After an intense two weeks of campaigning, YOUR Union Executive for 2013-14 has finally been announced in front a packed Room 1 audience last night!

Label has been busy covering every minute for you at home to make sure you got the most out of this year's elections. But now we can sit back, relax and reflect on the best and worst features of this year's candidates.

Campaign Themes

Creating a different, noticeable campaign theme is a significantly important part of running successfully. Voters need to be able to remember you out of all the other contesting candidates, and every year there will be campaign themes that stand head and shoulders above the rest, with this year’s being no exception.

The best campaign theme, in my opinion, was Paul Nanson’s: The reason why Nanson’s campaign theme is one of the best is that it draws on a globally successful song and dance that everyone knows. For this reason people are likely to remember it easily and engage more with his campaign. Other favourites of mine were Helen Crossley’s, because of the creative aspects that she worked into her campaign, and Josh Hurrell’s because of his catchy slogan Josh ‘Do It’.

The worst campaign theme for me, hands down, was of course Chris McKenna’s.  However, another campaign that I thought was particularly mediocre was that of Maz Haider. Last year also saw the use of the superhero costume and I think it’s high time that candidates realised that this kind of theme is, simply put, unoriginal and boring! It also has one of the worst success rates for winning an Exec Elections; food for thought perhaps…

The Bubble Debate

Both of The Bubble Debate specials contained many of this year’s highlights. In terms of the best displays at the debate, it would only be fair to say that almost all of the candidates stood their ground and answered the questions that were thrown at them with great energy and accepted etiquette.

However, there were a few, shall we say humorous as well as awkward incidents on both nights. One incident came in the form of Rag Chair candidate Mike Lyness openly stating that “sometimes his [Max Turner’s] people relationship skills aren’t great,” which even lead to Jago Pearson openly refuting Lyness’ comment at the very end of the debate; insulting the Exec member of the position you’re running for isn’t the best of moves.

Another example, that I’m sure many have heard about, was of course the ‘lucky charm’ that came in the form of a tin of carrots, which VP Finance candidate Chris McKenna brought on to the debate floor. Although, it is a blatant hoax and mockery, I’d have to say that it was definitely one of the best highlights of this year and it brought a brief touch of humour to the debate.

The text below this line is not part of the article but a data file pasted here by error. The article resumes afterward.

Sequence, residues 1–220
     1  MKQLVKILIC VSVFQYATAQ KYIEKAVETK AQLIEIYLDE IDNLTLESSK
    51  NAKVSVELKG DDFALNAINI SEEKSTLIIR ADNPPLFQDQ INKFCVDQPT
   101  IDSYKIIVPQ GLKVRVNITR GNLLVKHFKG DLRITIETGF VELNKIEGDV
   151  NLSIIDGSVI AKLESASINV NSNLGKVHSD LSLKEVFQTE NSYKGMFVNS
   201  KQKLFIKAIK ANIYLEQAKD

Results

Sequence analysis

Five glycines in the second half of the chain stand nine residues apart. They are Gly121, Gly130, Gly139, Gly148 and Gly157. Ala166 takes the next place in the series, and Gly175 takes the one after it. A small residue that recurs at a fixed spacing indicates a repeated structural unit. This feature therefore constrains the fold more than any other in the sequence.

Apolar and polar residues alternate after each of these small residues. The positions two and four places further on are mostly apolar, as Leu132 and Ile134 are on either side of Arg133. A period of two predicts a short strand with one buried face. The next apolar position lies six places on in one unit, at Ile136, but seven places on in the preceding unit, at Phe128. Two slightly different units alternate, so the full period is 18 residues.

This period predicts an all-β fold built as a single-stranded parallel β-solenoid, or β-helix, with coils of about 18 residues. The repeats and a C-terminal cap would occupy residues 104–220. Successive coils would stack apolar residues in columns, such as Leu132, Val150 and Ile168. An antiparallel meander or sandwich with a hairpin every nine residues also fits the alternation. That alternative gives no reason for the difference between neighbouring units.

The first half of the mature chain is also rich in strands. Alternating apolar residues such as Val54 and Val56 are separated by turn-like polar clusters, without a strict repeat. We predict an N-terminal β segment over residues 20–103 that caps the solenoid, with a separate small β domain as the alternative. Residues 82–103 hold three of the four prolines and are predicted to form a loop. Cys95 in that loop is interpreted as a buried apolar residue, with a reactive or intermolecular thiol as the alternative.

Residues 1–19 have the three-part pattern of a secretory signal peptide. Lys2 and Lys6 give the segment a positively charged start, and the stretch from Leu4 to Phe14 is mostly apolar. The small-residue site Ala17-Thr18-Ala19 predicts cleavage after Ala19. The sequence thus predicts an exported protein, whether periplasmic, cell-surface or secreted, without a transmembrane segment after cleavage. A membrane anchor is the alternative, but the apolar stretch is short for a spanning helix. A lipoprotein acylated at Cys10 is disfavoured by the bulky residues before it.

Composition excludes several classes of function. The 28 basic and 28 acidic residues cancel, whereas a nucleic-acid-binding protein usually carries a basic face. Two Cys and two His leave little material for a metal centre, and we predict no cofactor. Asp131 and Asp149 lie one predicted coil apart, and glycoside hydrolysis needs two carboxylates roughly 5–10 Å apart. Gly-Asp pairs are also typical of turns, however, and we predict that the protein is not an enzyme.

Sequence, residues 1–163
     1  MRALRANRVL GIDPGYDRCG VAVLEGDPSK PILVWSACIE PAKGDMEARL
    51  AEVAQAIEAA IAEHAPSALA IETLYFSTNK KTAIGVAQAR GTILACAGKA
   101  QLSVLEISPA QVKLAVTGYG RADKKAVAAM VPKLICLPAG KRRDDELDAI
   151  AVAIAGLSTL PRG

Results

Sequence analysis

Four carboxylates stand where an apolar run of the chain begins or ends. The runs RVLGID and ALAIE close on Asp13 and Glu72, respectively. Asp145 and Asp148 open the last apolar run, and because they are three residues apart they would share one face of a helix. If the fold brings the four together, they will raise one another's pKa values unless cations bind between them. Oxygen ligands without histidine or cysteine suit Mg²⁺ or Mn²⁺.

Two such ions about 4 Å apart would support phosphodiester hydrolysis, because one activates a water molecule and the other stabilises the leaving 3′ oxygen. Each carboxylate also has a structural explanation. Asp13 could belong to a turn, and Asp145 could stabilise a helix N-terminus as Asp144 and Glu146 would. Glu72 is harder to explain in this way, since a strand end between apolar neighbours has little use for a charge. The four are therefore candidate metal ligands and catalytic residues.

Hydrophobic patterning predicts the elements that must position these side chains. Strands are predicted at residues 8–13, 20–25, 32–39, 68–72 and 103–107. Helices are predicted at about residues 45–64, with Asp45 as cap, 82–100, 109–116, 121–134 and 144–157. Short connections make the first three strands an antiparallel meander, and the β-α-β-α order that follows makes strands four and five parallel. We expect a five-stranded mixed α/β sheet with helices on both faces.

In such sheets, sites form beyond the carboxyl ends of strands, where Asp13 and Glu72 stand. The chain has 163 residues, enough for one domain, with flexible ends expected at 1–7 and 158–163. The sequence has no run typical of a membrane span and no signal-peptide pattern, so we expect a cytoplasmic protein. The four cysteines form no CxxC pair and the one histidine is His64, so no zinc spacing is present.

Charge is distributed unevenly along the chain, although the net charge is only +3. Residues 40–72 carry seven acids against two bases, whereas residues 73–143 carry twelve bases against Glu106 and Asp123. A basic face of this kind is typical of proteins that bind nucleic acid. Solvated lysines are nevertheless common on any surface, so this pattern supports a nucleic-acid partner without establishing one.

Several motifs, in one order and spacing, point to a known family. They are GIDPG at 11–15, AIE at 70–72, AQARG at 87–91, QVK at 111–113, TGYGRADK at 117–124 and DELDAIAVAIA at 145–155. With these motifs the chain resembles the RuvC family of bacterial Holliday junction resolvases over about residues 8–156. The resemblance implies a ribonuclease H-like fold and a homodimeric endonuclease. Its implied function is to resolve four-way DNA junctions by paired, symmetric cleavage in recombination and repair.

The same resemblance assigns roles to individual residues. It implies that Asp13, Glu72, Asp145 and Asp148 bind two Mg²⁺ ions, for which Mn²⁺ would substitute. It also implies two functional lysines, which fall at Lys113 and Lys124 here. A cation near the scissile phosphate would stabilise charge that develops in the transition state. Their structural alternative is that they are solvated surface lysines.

Social Media

Most candidates made great use of social media, with several creating hash tags for Twitter and utilising the audience potential that Facebook offers. I was also particularly impressed with Izzy Ford and Zak Evans’ websites that they set up; it was something that not every candidate used and I think that it gave them an edge over their contesting candidates.

Michael Jordan is another candidate who made brilliant use of social media: His three second video featuring British track sprinter Dwain Chambers has received over 80 likes and was shared over 24 times on Facebook, now that’s what I call a good use of social media! Another favourite of mine has definitely got to be Paul Nanson’s ‘Ragnam’ head pictures, which allowed those supporting Nanson to place their own face in the head hole and use it as a profile picture; simple but ingenious.

Free Campaigning Ideas

With candidates being restricted by the budget cap, this was the year for free campaigning. Sarah Haar resourcefully took advantage of the recent Valentines Day and grabbed a massive heart cut out from Tesco’s unwanted stock. Now that’s good thinking!

Jennie Cooper with her discounted therapy zone vouchers will have gone down well with those heavily involved in sports or the AU, and Izzy Ford also received high praise for her use of the Drink Aware unit-calorie counters and plastic glasses that she was handing out.

Public Demonstrations

As part of candidates’ ideas for free campaigning, flash mobs and campus-wide demos became endemic by the end of campaign week. For me, the best example came from Michael ‘Action Air’ Jordan, combining a campaign-related street dance with one of the best ‘Harlem Shakes’ I have seen around Loughborough thus far, and even got a dozen other candidates involved. Credit also must go to Jennie Cooper for her ‘Call On Me’ flash mob, and Zak ‘Sparrow’ Evans for his campaign parade.

From what I can recall, there hasn’t been a stand-out winner for the worst public demo, although there were a few slip ups… Sarah Haar may want to have a listen to her song choice next time, after her street dance backing music contained many an expletive in the lyrics.


As can be expected with the budget cap this year, there were far fewer sweets around. However, many candidates did choose to spend part of their budget on sweets. Now, before I go any further there isn’t really any such thing as a bad sweet, so I’ll focus on the best. Both Sarah Haar and Helen Crossley got my vote on this one! 

Haar tied her choice of sweet into her campaign theme and gave out little Haribo jelly hearts, which I thought helped to highlight her campaign theme further. Crossley’s sweets were also a massive hit, with several people saying that her pixie sticks reminded them of their childhood.

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